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The Economics of Innovation and Big Bets

The Economics of Innovation and Big Bets

“How do you make these big bets and when? When everyone can see that the economics makes sense, it’s usually too late.”

There was a story in The Wall Street Journal about utilities that made a big bet into renewables 15-20 years ago and are starting to see their valuations increase to match that of the traditional oil giants. How do you value and build a business case for R&D and innovation?

I have worked with the most senior leaders in oil and gas, 15-20 years ago, when they were making the decision if they should invest in renewables. Some decided to invest in renewables and some didn’t. At that time, nobody knew what was going to happen. You have to make a bet on a technology that’s unproven, but you’re betting that it will improve to the point where you start generating profit. So, how do you make these big bets and when? When everyone can see that the economics makes sense, it’s usually too late.

How do you make these big bets and when? When everyone can see that the economics makes sense, it's usually too late. Click To Tweet

Can you fund the transition away from your legacy assets that will eventually decrease and die to something that will be very successful?

Big Bets and Power Stations

In the Corporate Strategy and Transformation study, which is available to FIRMSconsulting Insiders, we talk about building power stations. But one of the big debates is what type of power station do we build?

Do we build a new modular nuclear reactor?

Do we build a combined-cycle gas turbine?

Do we build a new type of gas turbine?

Do we build a new type of coal station?

Do we believe that the technology we want to install to make our coal stations carbon neutral are actually going to work? Because if they fail we actually going to be penalized for the next 40 years. Talk about big bets!

Do we go down the path of an unknown nuclear technology that’s been unproven but could potentially save us 50% of the operating and capital costs?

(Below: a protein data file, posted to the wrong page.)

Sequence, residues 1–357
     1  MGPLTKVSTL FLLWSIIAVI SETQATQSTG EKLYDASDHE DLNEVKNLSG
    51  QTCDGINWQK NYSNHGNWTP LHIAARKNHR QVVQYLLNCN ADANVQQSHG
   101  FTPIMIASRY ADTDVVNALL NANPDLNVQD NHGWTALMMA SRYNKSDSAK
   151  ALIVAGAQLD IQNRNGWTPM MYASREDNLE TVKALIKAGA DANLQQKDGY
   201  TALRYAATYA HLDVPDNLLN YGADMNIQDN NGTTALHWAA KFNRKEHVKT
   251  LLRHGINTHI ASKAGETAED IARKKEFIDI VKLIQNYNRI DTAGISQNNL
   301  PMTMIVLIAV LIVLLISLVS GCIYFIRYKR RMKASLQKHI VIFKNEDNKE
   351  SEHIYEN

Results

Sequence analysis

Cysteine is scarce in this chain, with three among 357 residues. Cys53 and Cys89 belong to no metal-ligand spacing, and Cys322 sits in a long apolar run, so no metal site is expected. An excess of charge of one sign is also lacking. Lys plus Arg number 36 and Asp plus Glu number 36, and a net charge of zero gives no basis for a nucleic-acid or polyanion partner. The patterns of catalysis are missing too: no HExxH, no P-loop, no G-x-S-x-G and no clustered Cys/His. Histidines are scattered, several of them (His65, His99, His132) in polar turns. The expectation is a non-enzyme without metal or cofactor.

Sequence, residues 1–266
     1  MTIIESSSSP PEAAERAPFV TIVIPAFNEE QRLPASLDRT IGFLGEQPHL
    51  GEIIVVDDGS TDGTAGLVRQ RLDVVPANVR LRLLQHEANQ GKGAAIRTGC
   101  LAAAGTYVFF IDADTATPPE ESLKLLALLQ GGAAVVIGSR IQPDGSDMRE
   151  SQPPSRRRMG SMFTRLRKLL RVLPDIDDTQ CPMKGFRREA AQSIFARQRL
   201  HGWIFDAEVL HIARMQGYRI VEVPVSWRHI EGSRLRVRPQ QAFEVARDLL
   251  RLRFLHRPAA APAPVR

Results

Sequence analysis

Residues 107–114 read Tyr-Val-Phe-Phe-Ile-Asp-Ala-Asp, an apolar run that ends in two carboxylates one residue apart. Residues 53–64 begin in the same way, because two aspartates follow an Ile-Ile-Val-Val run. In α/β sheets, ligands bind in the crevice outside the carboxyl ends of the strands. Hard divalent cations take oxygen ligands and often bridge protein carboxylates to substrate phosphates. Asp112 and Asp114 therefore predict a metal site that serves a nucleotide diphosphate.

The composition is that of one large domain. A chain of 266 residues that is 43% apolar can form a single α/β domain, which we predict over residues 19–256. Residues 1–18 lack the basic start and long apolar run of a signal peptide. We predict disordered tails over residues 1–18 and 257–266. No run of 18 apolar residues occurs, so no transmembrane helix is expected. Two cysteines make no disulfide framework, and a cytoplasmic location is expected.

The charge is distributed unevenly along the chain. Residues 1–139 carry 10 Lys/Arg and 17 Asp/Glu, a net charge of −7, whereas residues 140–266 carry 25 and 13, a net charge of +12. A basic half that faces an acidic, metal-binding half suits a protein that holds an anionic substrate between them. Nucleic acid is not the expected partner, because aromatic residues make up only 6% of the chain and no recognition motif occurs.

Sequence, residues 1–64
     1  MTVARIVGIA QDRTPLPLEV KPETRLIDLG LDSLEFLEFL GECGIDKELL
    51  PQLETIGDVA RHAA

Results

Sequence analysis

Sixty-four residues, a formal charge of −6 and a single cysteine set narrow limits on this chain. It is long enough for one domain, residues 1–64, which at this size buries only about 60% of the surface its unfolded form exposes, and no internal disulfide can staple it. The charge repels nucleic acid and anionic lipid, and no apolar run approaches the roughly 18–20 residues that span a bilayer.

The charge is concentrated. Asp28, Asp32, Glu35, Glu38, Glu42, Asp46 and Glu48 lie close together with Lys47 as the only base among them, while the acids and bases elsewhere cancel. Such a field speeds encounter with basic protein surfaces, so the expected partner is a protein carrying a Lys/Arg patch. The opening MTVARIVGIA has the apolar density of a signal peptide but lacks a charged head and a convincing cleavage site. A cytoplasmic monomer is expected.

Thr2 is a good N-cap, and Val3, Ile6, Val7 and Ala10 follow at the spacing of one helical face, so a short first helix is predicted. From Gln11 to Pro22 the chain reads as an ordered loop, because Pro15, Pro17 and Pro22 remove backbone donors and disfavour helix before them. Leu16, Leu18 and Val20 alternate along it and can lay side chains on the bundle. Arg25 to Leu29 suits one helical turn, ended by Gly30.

How do you make those decisions?

You need a hybrid, two-speed corporate strategy

The deep insight is this: You need a hybrid strategy. You need a two-speed corporate strategy.

On the one side, you have to continue maintaining and investing in your legacy assets because they produce the cash flow that’s going to fund you into your new assets, and R&D is expensive. When you take the capital from the legacy assets to make some big bets, you must make sure you’re picking a trend that makes sense. How you’re going to succeed in that trend, and where you’re going to play in the value chain—that’s corporate strategy, you can see it in the study.

But you have to do two things: have a hybrid model, two-speed model, and keep your legacy assets and you got to switch.

But you have to do two things: have a hybrid model, two-speed model, and keep your legacy assets and you got to switch. Click To Tweet

Start the Transition

You’re seeing many companies doing this right now. Just about every oil and gas major is looking at it, sovereign wealth funds and even Norway—which built most of its wealth from oil and gas—is still keeping the oil and gas investments, but it has a plan to migrate and transition.

You can't abandon legacy assets; you've got to nurture them. But you have to start the process to transition, and the process doesn't happen overnight. Click To Tweet

You can’t abandon legacy assets; you’ve got to nurture them. But you have to start the process to transition, and the process doesn’t happen overnight. It’s a 10-15 year process. So if you haven’t started the plan to transition, you’re setting yourself up for a 15-year journey. And you might as well start now.

This is an excerpt from Monday Morning 8 a.m. newsletter, issue #9. 

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